Factors Influencing Implementation of Family-Centred Care in a Neonatal Intensive Care Unit (NICU)

Being in the NICU is a very stressful experience for infants. The stress level even increases when babies are separated from their parents. This can be avoided with Family-Centred Care (FCC), which involves parents in the care for their infants in order to reduce the stress on newborns and parents.


Even though research shows that interactions with parents lead to multiple beneficial effects for both parents and infants, including lowering the stress level for both and improving neurobehavioral outcomes for newborns, the implementation of FCC is not standard practice yet. The input given by families should be valued by healthcare professionals and parents should be allowed to take part in the planning, implementation and evaluation of care. FCC is an approach built on the partnership of parents and medical staff in the NICU, empowering parents to play an active role in the care for their infants. This is a major contrast to the common design of NICUs, where little effort is made to make parents feel comfortable or to include them in the care of their newborns.

For the study “Factors Influencing Implementation of Family-Centered Care in a Neonatal Intensive Care Unit” by Oude Maatman and others, 7 neonatal care nurses, 1 nurse assistant, 5 neonatologists, and 3 managers from 3 hospitals in Sweden, Norway and The Netherlands were interviewed. All of these hospitals had implemented FCC a few years prior to the study. The researchers’ aim was to find out more about the factors of behavioural change in staff, family needs, environment, and communication regarding FCC, to gain valuable knowledge for the future implementation of FCC in NICUs.

The study identified the following criteria which are needed to ensure successful implementation of FCC: Staff must consider parents as the primary caregiver for the newborns and should be mentors to parents rather than being main caregivers themselves. Furthermore, healthcare professionals must receive continuous organisational support in order to be able to follow through with FCC. They also need to receive special trainings to acquire effective communication skills for the interaction with parents, as to support and encourage them in the care of their infants. Additionally, staff needs to provide consistent support to parents and make sure that the given support is aligned with the parents’ subjective needs. Concerning parents’ participation in medical rounds, parents should decide themselves if they want to take part in rounds or if this would burden them too much. Lastly, the NICU should be a comforting environment for the family which could be achieved by single patient rooms as they provide privacy.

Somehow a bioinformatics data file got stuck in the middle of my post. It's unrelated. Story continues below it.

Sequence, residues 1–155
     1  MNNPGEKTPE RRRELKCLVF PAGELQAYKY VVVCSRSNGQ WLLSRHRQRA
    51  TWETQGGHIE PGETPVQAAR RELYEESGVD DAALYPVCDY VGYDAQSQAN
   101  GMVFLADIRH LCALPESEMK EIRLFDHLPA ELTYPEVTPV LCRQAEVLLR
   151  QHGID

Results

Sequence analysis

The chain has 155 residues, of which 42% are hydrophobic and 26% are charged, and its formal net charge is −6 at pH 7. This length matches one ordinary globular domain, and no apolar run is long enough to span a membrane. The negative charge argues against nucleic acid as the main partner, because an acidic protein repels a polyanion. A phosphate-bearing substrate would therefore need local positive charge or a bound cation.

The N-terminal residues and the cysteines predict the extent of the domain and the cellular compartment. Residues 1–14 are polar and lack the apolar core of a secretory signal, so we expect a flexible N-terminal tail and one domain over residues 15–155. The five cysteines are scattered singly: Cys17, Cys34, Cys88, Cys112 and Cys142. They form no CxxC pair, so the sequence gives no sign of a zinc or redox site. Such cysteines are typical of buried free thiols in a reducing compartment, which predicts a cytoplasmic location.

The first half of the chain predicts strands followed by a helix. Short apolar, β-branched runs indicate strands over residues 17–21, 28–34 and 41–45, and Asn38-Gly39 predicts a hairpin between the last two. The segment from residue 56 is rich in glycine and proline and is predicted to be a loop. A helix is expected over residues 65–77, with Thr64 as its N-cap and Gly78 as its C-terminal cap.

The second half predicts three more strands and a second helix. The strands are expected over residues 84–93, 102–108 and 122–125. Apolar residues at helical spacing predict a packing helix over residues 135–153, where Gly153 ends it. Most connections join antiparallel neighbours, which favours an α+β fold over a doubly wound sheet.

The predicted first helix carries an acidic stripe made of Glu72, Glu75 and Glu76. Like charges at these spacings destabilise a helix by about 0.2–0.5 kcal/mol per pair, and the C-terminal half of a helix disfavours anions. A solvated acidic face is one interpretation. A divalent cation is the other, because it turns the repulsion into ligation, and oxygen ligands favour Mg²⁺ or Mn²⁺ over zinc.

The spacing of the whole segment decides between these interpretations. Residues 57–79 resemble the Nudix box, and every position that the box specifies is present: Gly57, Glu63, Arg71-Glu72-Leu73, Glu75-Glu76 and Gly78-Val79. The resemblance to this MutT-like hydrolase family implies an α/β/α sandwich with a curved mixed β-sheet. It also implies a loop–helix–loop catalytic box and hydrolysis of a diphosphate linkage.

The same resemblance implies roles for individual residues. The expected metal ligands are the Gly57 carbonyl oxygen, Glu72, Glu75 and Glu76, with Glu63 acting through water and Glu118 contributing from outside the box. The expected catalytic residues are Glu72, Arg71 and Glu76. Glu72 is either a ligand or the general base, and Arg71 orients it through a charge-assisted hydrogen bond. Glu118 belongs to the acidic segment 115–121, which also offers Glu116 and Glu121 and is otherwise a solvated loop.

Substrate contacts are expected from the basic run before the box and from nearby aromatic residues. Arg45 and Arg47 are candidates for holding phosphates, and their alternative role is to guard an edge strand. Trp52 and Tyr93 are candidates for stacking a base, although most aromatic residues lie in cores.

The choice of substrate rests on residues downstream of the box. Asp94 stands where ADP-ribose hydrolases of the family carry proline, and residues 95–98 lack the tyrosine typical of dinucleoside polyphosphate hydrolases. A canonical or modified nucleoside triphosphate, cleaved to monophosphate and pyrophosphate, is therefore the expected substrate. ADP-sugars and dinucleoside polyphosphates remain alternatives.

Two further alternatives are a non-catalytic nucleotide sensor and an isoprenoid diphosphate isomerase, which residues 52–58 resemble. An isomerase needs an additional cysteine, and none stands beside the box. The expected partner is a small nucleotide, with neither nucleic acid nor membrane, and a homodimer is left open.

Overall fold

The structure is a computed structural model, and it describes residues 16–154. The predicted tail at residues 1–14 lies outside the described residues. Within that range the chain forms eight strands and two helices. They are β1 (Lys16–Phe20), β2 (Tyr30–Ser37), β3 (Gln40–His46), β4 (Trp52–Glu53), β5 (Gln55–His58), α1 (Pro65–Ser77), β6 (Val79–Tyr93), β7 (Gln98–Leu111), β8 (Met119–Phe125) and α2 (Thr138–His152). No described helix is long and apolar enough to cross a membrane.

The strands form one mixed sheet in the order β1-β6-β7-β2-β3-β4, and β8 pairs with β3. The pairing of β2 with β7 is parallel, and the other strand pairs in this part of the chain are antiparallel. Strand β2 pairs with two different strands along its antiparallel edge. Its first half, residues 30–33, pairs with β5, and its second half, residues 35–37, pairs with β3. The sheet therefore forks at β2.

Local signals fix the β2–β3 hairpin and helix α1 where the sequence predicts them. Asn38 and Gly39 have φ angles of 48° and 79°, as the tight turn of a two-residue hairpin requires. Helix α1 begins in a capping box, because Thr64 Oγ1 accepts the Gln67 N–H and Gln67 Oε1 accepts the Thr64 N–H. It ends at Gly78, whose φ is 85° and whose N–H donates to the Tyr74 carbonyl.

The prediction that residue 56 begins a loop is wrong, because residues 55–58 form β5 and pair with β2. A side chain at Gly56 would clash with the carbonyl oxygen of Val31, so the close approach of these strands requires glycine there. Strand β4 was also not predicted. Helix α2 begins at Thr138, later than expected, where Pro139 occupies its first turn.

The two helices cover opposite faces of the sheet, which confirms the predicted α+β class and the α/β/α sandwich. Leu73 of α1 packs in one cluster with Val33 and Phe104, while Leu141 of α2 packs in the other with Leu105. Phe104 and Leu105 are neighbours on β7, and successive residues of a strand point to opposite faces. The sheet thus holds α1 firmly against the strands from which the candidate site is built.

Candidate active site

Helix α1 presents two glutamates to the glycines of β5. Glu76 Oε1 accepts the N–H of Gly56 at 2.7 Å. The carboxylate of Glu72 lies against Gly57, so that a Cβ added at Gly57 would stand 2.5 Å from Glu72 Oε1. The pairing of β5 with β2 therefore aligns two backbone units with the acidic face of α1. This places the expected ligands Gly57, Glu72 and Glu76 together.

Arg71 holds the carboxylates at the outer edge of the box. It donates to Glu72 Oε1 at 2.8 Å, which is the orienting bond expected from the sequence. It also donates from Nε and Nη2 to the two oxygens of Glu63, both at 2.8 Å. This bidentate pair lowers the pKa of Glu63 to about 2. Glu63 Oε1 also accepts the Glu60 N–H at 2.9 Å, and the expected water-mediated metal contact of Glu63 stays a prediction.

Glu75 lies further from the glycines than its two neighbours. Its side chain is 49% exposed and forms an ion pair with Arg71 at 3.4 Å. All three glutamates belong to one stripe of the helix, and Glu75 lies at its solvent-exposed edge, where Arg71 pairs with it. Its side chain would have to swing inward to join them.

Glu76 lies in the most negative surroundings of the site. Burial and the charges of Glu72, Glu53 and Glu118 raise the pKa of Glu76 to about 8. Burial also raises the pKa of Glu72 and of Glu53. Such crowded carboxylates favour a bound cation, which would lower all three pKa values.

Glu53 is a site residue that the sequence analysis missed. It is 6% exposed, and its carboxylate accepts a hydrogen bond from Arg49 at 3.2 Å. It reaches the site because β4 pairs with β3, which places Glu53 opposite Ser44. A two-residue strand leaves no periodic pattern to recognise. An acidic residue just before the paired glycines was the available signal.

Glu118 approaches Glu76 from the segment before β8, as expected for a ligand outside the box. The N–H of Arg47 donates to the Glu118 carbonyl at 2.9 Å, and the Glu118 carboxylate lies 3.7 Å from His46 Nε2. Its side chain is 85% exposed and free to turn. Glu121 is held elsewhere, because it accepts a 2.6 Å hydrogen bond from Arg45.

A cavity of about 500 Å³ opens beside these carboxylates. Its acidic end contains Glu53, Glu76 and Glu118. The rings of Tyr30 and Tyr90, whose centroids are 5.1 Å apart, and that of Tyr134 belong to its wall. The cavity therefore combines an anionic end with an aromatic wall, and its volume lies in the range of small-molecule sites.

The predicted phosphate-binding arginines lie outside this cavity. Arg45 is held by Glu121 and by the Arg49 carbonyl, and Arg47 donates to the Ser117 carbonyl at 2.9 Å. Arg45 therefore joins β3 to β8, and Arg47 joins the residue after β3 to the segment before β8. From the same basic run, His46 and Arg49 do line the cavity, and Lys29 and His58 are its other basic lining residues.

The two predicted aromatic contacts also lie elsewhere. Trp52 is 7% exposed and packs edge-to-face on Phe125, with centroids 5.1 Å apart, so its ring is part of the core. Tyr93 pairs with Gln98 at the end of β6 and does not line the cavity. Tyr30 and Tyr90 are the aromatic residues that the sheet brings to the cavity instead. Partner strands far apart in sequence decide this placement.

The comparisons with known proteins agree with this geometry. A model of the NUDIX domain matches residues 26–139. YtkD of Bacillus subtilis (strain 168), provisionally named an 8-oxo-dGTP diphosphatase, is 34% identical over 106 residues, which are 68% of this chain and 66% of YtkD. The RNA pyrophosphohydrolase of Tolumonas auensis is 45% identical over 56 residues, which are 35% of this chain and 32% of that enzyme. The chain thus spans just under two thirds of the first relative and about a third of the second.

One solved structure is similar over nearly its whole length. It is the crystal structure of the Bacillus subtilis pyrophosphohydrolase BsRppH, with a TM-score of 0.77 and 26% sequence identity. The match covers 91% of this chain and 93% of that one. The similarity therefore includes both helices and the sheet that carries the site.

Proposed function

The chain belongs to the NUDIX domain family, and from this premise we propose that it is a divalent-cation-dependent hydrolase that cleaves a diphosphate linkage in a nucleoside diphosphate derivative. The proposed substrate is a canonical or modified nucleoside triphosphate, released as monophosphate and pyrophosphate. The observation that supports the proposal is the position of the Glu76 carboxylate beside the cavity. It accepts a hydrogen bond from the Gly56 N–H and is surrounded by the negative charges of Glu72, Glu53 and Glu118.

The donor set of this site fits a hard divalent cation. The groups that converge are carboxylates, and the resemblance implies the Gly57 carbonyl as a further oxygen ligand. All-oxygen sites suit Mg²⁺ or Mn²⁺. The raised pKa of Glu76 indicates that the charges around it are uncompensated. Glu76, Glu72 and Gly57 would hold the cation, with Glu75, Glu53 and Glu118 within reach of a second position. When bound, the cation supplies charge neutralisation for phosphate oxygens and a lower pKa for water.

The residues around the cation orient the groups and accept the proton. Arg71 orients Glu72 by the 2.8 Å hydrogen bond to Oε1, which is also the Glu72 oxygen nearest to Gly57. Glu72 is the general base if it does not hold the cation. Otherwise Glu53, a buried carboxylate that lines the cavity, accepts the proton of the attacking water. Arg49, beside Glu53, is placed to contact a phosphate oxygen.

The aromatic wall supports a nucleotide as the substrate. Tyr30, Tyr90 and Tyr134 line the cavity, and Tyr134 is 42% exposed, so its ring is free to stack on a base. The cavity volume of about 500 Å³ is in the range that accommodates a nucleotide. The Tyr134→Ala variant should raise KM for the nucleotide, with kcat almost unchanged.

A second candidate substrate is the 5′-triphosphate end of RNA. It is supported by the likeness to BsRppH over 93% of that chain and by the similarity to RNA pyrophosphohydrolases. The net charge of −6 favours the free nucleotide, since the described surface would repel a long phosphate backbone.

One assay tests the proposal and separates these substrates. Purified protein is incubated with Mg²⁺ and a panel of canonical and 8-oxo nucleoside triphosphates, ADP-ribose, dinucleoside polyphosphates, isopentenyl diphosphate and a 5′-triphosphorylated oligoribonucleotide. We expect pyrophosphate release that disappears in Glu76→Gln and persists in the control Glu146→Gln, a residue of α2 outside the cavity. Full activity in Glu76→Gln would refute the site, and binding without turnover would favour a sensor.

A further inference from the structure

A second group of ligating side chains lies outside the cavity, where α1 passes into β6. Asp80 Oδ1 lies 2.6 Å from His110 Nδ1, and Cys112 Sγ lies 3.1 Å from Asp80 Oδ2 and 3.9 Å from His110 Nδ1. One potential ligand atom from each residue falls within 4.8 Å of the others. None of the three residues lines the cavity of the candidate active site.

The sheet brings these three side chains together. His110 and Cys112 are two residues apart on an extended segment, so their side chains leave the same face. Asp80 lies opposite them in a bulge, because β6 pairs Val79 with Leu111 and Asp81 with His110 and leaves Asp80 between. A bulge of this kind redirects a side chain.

The researchers conclude that future studies should involve a higher number of healthcare professionals to receive more input and therefore a higher quality in data. Nevertheless, this study illustrates the importance of showing healthcare professionals why FCC is beneficial for parents and their newborns alike, and highlights important aspects for its implementation.


Paper available to view at: Frontiers in Pediatrics

Full list of authors: Sabine M. Oude Maatman, Kajsa Bohlin, Siri Lilliesköld, Håvard T. Garberg, Irina Uitewaal-Poslawky, Marijke C. Kars, Agnes van den Hoogen

DOI: 10.3389/fped.2020.00222